Dong v. Holder, No. 12-1091 (1st Cir. 2012)Annotate this Case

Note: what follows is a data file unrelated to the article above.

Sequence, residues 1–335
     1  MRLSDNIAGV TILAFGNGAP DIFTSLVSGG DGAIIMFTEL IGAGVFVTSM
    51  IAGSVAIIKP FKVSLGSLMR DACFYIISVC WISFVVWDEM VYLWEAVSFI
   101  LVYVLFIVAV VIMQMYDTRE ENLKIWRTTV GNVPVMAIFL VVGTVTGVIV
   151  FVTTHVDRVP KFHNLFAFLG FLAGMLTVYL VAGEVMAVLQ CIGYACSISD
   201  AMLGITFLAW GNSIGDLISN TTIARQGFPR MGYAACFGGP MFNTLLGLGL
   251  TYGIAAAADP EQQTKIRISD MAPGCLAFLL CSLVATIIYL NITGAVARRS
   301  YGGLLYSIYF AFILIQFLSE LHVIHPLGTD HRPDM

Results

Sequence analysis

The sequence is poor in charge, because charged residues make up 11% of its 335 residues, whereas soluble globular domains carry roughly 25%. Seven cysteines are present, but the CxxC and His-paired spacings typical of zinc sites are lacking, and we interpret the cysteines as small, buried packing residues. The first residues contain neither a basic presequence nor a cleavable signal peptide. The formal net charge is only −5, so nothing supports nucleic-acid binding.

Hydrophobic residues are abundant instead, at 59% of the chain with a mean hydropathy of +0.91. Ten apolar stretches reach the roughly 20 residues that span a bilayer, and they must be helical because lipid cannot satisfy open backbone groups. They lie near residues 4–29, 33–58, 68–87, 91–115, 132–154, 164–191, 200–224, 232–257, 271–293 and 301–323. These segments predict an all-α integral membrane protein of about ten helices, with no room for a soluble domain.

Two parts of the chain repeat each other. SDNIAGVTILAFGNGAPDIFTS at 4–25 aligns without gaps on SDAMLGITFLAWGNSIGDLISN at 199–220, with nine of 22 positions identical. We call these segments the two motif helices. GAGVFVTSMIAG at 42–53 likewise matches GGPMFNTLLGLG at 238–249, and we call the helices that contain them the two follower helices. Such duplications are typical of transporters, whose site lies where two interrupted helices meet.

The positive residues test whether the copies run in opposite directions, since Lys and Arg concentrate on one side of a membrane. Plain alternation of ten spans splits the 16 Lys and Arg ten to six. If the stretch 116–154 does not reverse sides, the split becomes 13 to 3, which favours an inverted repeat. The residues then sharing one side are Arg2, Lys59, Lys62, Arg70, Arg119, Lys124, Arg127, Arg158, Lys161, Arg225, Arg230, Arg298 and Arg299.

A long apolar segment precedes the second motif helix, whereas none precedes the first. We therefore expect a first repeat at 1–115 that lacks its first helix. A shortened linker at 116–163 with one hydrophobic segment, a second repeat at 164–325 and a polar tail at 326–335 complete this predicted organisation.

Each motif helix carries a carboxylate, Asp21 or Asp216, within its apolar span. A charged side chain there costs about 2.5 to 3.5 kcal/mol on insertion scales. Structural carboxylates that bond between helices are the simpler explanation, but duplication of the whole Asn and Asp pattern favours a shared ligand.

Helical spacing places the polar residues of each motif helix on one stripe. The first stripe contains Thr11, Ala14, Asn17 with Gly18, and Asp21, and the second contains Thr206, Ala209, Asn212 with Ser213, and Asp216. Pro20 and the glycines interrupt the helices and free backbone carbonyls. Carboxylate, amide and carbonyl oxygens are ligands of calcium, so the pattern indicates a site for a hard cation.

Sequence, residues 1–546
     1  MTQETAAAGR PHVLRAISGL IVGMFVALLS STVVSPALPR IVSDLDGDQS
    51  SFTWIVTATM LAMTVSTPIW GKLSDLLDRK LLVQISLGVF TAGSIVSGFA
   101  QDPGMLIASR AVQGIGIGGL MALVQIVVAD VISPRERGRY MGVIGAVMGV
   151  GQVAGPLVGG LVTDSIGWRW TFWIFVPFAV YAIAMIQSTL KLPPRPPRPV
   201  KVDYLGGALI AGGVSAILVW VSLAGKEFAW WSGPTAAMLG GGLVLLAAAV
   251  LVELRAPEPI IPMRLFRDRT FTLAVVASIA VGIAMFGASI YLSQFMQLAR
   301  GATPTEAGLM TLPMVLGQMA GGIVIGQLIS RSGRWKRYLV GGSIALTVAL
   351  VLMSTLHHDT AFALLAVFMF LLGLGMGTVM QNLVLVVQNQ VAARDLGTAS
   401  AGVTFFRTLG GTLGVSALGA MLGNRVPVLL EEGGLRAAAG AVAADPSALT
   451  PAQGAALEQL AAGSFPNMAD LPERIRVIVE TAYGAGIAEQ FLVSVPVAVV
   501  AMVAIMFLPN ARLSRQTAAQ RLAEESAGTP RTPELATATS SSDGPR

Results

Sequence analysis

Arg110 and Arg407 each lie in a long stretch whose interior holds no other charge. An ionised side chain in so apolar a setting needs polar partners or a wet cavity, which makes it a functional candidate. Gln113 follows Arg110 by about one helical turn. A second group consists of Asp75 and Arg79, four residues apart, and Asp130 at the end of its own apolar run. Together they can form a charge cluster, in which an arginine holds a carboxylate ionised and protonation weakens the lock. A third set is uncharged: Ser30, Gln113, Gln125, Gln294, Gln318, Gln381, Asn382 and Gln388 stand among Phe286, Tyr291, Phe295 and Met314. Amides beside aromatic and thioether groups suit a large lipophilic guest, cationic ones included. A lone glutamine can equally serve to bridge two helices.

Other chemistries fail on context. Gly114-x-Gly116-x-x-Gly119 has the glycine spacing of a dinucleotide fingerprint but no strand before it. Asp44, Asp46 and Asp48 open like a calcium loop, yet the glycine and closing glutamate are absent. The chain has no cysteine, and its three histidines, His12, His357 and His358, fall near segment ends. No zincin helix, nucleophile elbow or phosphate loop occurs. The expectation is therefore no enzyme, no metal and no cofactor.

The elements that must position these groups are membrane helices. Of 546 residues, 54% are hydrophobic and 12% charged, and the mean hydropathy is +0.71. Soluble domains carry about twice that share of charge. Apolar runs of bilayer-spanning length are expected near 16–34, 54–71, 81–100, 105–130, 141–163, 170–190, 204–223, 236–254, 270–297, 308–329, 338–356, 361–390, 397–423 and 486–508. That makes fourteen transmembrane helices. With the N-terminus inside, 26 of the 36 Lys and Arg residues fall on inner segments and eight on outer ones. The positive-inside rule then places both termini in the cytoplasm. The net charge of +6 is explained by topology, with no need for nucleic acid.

This case required the First Circuit Court of Appeals to decide, for the first time, whether section 1101(a)(42)(B), a statute enacted to pave the way for asylum for victims of China's coercive population control policies, extends automatically to a spouse of a person forced to undergo an abortion. Petitioner, a Chinese national, petitioned for asylum, seeking to remain in the United States because of, among other things, his wife's forced abortion. Petitioner argued he was entitled to per se refugee status under 8 U.S.C. 1101(a)(42)(B) "as a person who has been forced to abort a pregnancy." The immigration judge rejected this argument, and the board of immigration appeals affirmed. The First Circuit Court denied Petitioner's petition for judicial review after joining several of its sister circuits in holding that, given the language of the relevant statute and the Attorney General's reasonable interpretation of it, the agency did not err in refusing to grant Petitioner's per se refugee status on the basis that the Chinese government had compelled his wife to undergo a forced abortion.